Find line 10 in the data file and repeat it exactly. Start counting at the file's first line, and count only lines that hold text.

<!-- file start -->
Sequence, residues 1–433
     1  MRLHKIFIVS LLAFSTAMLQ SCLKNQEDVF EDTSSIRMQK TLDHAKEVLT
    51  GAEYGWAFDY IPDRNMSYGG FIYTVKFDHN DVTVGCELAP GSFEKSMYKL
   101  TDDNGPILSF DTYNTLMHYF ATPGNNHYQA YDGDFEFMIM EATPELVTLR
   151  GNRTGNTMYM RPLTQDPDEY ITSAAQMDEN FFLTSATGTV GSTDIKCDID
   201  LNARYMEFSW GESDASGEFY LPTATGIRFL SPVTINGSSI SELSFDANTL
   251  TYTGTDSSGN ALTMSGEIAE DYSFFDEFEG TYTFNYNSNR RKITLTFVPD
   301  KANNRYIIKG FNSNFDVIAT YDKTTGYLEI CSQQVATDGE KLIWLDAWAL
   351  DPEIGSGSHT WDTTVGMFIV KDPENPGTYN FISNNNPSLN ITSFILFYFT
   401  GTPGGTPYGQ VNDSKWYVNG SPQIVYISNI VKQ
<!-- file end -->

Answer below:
   401  GTPGGTPYGQ VNDSKWYVNG SPQIVYISNI VKQ